Showing posts from September, 2013

4 orchids and a smelly dog

When we started on our walk with the dog this morning I called in to see how our large - 60+ plants - colony of Cyanicula caerulea (the blue not-Caladenia) were going.  The short answer is that they have gone for this year.  However I did find my first Stegostyla sp. for the year on our property.  I will take a punt on it being S. ustulata in view of the absence of purple on the visible areas.
I thought I should go back and see what else I could find in the afternoon.  First off, I proved that " everything there is a season ..." (attribute to Ecclesiastes or the Byrds as you wish, but the Byrds have a better melody line).  So it is with orchids: I found quite a few more S. ustulata and got down and close:
Then as I neared our house I found this:
I believed that to be S. cucullata but a couple of folk whose opinions I completely respect have explained that it is still S ustulata - see comments for details.

Somewhat later in the morning w…

Queanbeyan by-pass site revisited

Two weeks ago we went for a short walk in the outskirts of Queanbeyan.  The area is the Council preferred route for the Queanbeyan by-pass, and an alternative route which had been suggested is probably off the table following the ill-advised judgement of voters at the recent Federal election (not that I'm bitter and twisted or anything).

Feeling like another stroll this afternoon we decided to take a similar route to see what had changed.  The overall change is that the Acacias have largely finished flowering while the Fabaceae have started to hit their straps.
(On the former visit Dillwynnia sieberi, a member of the latter family, was very evident from the start of the walk but on this visit the flowering of this species was restricted to the upper end of the route.)

The main species visible on this walk were Pultenaeas.  To begin with they were mainly P. subspicata ..
 ... while P. microphylla kicked in at various spots.
 Some Leucochrysum albicans was beginning to emerge (as i…

Tulips, Camellias etc

Having given the daffodils around our place a bit of webspace I thought the tulips should get a go.  I will begin with some shots of the mass plantings in a friend's garden.

 We don't have the massed plantings but the next three are close-ups of some blooms in our gardens.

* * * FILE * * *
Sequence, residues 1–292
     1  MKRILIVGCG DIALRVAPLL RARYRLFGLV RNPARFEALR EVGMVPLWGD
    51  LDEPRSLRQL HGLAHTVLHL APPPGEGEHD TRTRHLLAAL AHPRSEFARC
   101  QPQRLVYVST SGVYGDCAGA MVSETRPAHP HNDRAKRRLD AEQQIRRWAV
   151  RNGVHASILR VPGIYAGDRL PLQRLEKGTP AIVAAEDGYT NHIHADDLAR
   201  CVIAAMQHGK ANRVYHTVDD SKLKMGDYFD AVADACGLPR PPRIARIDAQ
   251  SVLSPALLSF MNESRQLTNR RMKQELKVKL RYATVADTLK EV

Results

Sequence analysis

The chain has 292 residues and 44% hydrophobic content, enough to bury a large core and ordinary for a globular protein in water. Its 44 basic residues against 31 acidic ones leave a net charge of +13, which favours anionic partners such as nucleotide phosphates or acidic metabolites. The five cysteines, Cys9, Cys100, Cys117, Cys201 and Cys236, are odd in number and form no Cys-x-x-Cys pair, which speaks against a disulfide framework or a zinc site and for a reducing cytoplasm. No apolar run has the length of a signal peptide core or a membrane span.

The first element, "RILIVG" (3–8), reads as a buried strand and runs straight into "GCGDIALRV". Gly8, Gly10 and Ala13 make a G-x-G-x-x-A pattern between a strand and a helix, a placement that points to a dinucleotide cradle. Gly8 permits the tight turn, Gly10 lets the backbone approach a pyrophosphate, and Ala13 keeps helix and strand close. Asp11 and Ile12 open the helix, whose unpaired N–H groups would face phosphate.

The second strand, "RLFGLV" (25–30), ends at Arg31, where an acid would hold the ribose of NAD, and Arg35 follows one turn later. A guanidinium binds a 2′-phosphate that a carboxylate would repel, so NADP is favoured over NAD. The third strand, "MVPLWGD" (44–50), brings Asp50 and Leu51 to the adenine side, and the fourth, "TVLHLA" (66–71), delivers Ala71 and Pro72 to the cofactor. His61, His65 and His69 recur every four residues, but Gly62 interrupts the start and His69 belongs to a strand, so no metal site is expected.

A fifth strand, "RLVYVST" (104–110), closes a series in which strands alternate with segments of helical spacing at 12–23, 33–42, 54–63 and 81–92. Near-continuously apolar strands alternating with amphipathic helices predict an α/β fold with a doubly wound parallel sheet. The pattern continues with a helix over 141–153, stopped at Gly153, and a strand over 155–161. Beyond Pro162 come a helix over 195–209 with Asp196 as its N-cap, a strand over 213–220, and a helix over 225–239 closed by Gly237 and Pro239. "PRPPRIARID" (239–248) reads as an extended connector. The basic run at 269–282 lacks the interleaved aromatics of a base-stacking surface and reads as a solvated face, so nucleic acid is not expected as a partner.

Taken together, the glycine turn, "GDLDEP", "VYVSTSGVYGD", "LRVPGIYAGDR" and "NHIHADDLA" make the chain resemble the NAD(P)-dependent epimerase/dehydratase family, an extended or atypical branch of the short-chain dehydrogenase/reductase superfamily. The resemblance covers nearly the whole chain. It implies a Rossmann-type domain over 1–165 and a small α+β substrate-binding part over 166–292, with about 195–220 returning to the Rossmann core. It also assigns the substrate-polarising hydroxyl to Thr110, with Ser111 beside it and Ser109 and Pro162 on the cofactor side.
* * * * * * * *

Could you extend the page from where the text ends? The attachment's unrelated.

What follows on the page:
This is a lily which has appeared in our garden for the first time this year.  We have no memory of buying or planting this bulb but it also would be strange for it to suddenly appear after 6 years!  So I presume it must have hitch-hiked on some other things we have acquired and planted!  My friend Alison has suggested this to be a Tritelia, which has shown many of the same characteristics in her garden.  (On looking the genus up on Wikipedia it seems to be a taxonomist's delight with splits and lumps all over the place!)
 We do remember planting bluebells and this is the first year they have flowered.
 Close ups of our camellias.  They are proving attractive to Eastern Spinebills.

 A Native plant!  This…

The Carnival is over

I do apologise to The Seekers for using their song in this context.  Even though one of their members was a Liberal politician I would be surprised if he is a fan of Tony Abbott.

It now seems that the results of the recent Federal Election are known and it is about as bad as could be expected.  My support for our local Member, Mike Kelly, has had the usual result for people I work for: they lose.

Some aspects of the likely future have been foreshadowed in a recent blogpost by my friend Ian Fraser.  In commenting on that I suggested that "... in 10 years time there will be a popular game of picking the worst decision by the Abbott hegemony.".  In the first week since the Gang of 40 (ie 10 times as bad as the final days of Maoist rule in China) were sworn in - rather than sworn at - there have been a number of omens of what is to come which might be contenders for that title:

The decisions about secrecy on asylum seeker boat arrivals;Sacking the Secretaries of 3 Departments (poss…

ANPS does the third bit of Nadgigomar

I followed direction and didn't get out of the car at the quarry so the images start when we eventually got to the Nature Reserve.

My expectation is that the snaps which follow will pretty much come in the order in which I took them. Some of the ones I ended up with were - to quote the current Princess Royal from a few years back - pretty naff, so I don't have any of two of the commonest genera Patersonia and Leucopogon.

Good of the NPWS to have put up this sign, but a pity that there is no mobile coverage in the area to check if they had in fact finished.  In the event we didn't hear any gunfire so I presume they had.
 On to piccies of things natural  Here is - I think - Bossiaea buxifolia.
This is the overall habitat.  The soil was basically sand.
The flower of the Schoenus sp.
 A grasshopper nymph.
Mirbelia platylobioides
 Berries of Persoonia mollis.
 An orchid!  Diuris pardina.  (I think we were a little - about 100km - too far from Black Mountain for the usual D pardi…